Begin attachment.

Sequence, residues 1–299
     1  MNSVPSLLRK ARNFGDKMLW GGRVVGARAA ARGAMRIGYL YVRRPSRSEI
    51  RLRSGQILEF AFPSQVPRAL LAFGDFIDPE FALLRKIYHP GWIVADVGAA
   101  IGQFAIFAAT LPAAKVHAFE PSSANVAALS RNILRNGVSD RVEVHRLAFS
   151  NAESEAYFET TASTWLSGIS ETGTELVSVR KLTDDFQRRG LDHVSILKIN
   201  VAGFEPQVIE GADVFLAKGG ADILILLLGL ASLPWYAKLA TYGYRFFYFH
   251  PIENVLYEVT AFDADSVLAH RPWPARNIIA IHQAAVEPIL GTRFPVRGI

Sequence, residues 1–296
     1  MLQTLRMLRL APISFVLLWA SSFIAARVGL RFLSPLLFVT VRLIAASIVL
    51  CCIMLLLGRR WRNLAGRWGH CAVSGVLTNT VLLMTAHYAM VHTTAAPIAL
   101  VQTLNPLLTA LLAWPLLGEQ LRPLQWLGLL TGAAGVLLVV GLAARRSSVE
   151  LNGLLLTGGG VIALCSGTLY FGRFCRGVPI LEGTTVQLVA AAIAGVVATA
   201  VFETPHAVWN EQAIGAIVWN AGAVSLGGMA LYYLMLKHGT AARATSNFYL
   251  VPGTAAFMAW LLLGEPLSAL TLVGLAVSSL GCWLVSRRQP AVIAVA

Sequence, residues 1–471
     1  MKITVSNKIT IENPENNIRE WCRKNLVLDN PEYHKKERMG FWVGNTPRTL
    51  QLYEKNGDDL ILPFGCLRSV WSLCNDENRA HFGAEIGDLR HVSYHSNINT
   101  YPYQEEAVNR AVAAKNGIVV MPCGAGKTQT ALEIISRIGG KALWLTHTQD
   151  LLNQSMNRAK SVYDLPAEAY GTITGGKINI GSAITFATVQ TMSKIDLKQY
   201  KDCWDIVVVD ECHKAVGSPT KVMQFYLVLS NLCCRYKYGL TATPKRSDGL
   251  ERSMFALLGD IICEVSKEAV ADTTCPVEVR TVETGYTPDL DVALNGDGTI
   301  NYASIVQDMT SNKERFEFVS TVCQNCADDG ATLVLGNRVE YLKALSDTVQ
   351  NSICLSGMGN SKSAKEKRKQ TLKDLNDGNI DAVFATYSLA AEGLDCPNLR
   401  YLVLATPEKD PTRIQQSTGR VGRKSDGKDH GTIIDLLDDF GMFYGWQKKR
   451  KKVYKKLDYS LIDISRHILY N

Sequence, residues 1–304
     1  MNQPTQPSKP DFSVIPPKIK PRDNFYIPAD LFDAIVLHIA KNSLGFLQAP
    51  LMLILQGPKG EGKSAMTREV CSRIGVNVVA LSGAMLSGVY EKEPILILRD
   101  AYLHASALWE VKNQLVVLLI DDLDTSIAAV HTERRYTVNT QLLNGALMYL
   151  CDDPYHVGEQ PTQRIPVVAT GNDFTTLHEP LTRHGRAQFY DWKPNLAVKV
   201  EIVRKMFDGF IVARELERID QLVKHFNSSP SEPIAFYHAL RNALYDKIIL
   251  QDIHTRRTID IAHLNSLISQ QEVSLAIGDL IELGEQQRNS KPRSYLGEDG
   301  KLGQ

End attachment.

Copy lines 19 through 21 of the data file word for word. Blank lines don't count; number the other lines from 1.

   151  LLNQSMNRAK SVYDLPAEAY GTITGGKINI GSAITFATVQ TMSKIDLKQY
   201  KDCWDIVVVD ECHKAVGSPT KVMQFYLVLS NLCCRYKYGL TATPKRSDGL
   251  ERSMFALLGD IICEVSKEAV ADTTCPVEVR TVETGYTPDL DVALNGDGTI